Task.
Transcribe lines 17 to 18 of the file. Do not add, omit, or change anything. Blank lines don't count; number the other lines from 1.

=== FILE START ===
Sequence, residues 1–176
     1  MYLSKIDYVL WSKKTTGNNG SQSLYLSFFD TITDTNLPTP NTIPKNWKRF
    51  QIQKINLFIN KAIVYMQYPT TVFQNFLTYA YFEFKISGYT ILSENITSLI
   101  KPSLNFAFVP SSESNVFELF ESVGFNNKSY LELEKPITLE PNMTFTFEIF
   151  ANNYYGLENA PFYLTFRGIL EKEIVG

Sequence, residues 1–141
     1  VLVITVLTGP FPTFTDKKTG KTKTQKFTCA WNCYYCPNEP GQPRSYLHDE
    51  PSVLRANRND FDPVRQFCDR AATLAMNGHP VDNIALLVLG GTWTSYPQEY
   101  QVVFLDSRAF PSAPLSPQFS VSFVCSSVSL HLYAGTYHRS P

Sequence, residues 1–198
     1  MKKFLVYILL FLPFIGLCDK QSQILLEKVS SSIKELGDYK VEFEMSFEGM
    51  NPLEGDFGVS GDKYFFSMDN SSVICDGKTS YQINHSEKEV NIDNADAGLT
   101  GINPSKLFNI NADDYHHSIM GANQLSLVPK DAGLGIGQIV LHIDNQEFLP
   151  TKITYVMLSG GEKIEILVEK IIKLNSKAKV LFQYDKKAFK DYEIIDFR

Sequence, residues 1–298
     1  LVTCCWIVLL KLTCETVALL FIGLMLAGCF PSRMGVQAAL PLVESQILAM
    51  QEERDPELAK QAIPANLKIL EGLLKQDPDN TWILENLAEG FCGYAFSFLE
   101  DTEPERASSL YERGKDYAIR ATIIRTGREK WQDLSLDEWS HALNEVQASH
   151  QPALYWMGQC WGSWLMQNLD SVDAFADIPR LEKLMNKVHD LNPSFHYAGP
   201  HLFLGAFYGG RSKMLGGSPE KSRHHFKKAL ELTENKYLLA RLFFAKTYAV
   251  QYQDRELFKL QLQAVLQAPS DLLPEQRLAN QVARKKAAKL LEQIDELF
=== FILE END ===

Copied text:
    51  QEERDPELAK QAIPANLKIL EGLLKQDPDN TWILENLAEG FCGYAFSFLE
   101  DTEPERASSL YERGKDYAIR ATIIRTGREK WQDLSLDEWS HALNEVQASH